FCBD 2010: Exclusive Interview with Oni Free-for-All's Matthew Loux

In addition to The Sixth Gun #1, this FCBD, Oni Press is offering the all-ages title Oni Press Free-for-All, giving readers a taste of three series – The Crogan Adventures by Chris Schweizer, Possessions by Ray Fawkes, and Salt Water Taffy by Matthew Loux.

In this interview from Freecomicbookday.com, Loux discusses what it was like crafting a FCBD story that fits into his well-received, kid-friendly series and the day itself.

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Oni Press Free-for-All Freecomicbookday.com: Set your project up for those that might not know much about it. What can we expect to see in terms of story and art?

Matthew Loux: My Free Comic Book Day story is a short based on my ongoing series of all-ages graphic novels, Salt Water Taffy, which is about two young brothers, Jack and Benny, who are on a summer-long vacation in a mysterious old seaside town in Maine. In this town they encounter many fun adventures involving giant lobster sea monsters, old-timey ghost stories, and even giant eagles who love stealing hats.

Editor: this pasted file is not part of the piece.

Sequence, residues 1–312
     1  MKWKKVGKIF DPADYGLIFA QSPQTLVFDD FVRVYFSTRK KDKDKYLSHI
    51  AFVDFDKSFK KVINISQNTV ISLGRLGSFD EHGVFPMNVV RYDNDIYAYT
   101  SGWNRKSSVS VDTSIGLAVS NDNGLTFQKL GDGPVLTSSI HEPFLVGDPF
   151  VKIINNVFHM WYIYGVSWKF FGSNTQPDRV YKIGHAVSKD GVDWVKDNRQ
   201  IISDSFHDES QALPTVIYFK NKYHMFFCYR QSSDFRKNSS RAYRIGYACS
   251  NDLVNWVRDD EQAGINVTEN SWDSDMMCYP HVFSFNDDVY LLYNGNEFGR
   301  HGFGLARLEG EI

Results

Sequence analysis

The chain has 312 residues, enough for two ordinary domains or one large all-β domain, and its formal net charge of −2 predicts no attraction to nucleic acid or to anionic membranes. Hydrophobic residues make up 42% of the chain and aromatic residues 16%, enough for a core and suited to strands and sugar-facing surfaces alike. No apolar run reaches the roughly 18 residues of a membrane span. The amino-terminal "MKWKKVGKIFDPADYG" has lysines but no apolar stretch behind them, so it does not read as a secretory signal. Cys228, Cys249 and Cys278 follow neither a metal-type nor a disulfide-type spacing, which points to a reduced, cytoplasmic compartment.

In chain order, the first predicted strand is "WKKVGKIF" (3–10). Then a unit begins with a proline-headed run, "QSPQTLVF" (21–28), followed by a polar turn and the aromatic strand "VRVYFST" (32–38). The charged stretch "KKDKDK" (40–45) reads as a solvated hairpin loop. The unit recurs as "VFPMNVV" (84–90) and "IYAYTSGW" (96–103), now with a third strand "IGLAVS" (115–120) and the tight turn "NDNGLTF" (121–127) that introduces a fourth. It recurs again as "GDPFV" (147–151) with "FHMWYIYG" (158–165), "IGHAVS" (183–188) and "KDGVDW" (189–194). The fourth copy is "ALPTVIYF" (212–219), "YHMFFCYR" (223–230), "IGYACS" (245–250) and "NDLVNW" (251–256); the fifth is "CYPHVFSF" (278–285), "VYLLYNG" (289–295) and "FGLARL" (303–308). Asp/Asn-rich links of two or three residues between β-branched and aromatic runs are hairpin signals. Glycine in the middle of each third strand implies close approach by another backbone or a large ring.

The FCBD story centers around the telling of a tale about the town's Civil War hero, Captain William Hollister, and his first encounter with Old Salty, the giant lobster sea monster. The fun part is when the boys daydream themselves into this tale, changing it as it unfolds. The art style matches the fun and elastic adventure in its animated, cartoony look, juxtaposed with lush and beautifully scenic New England backgrounds.


Freecomicbookday.com: What’s your favorite part about being able to work in comics?